Thursday, July 5, 2012

Intro to Religion, Science, and Fiction

Welcome to the Religion in Science Fiction blog! I'll be posting readings here for the time being.

Homework for Tuesday, April 10:

McKee, The Gospel According to Science Fiction (excerpts)
    Read the introductory materials and the first 10 pages, then skim the rest and choose one summary to read carefully and discuss in class.

Weingrad, "Why There is No Jewish Narnia" 
    Don't get bogged down in the particulars of the books Weingrad is reviewing, try to get at the heart of his comparison between Christianity/Fantasy and Judaism/Science Fiction.

Shelly, History of Science Fiction
    Follow the link above and spend at least 10 minutes exploring.  Keep a wikipedia tab open and look around for interesting shifts and changes.  (If this doesn't render properly on your browser, Right Click + Save As and then open the file).

   Go over the readings for the next month and pick your top 3 choices for being a discussion leader.  Write them down and bring them to class.

    Leave a comment below about the readings.  Posts should be 2-5 sentences, and can include questions, comments about the readings, responses to specific quotes, or replies to other students' posts.  Comments should be posted by midnight tonight.  Be sure to include your name somewhere.


  1. As far as melding religion and sci-fi goes, this story does it perfectly. It blew my mind when I first read it.

    "The Star' Arthur C. Clarke, 1955

    1. Also, this is Jeff... sorry about the name, Im a cult leader in my spare time

    2. And peep this when you get a chance:

  2. Harry Wolper said "When science finally peers over the crest of the mountain it will find that religion has been there the whole time." That might seem incongruous, but what is God but the creation of sciences? Religion is a means of praising God, Science is an effort to meet him.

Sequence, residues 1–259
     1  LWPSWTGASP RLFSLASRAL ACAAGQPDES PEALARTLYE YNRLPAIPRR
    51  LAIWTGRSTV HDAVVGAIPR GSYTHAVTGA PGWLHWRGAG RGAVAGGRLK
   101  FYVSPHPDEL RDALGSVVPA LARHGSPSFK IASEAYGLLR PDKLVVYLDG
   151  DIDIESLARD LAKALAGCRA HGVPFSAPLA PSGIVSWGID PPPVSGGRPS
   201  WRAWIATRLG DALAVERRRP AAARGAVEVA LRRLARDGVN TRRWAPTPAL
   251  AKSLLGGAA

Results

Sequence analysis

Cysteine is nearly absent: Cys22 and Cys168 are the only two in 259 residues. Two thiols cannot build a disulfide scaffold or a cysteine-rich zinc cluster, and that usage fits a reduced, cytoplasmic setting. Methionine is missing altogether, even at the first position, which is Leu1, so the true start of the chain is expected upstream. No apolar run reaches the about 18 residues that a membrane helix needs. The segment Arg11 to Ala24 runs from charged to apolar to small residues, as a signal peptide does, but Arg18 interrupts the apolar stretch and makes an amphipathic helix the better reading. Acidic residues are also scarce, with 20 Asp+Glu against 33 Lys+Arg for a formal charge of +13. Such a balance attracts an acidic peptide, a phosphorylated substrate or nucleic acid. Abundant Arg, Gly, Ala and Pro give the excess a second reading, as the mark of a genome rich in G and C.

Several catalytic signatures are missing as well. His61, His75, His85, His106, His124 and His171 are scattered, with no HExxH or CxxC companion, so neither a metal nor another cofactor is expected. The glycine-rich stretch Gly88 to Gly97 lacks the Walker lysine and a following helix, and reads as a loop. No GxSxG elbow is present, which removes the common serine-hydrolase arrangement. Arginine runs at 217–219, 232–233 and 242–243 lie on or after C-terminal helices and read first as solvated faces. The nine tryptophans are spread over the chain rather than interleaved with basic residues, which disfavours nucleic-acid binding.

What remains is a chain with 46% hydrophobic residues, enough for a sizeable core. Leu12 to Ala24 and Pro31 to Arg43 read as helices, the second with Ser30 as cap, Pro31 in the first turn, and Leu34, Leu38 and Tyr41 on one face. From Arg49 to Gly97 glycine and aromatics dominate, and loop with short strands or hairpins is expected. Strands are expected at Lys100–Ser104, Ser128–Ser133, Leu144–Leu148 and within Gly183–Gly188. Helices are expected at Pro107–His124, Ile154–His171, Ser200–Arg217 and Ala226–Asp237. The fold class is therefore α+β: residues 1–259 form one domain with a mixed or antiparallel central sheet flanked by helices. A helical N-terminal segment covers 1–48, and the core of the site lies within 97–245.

3. So i actually found myself reading Mckee's article in its entirety. I found very interesting because i strive to blend both religion and science in my works and loved his examples of humanities creating its own demise by focusing on too much science and religion.

  4. I enjoyed McKee's article. He rationalizes that "the apparent tension between faith and reason is simply an illusion created by few over zealous believers on both sides who hope that one will eliminate the other". He asks if science fiction could be the religious texts of the future and points out that the genre of science fiction is not just about predicting technological advances. Science fiction, also referred to in the article as "speculative fiction", is about theorizing the impact of new technology, and gaining new perspective, as well as, exploring imagination.
    We live in such a diverse world. Humans have come to understand many things including: chemistry, psychology, how to structure society, and much of the history of planet earth. After gaining all this knowledge we still have not yet lost this thing called "religion". What we have done is looked at other humans and have told each other we are different based on our religion, our language, or our culture. Science fiction allows the writer to combine all of these things: science, imagination, and often religion in some way to relate to reality, and get the reader to think.

    Michael McCarthy

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  6. "The goal of science fiction is to use its imaginary worlds to create a real world of the future that is beter than our present" (McKee xiii). After reading the excerpt from McKee's book, this quote is the one i kept coming back to. I've never really kept up with the world of science fiction but this made a lot of sense to me. To create a non-existing world that makes sense and perhaps functions better than our own as a model for our future is something to consider and it makes me wonder if this is what science fiction authors had in mind when writing their novels - were they creating their own perfect world?
    Lindsay Flight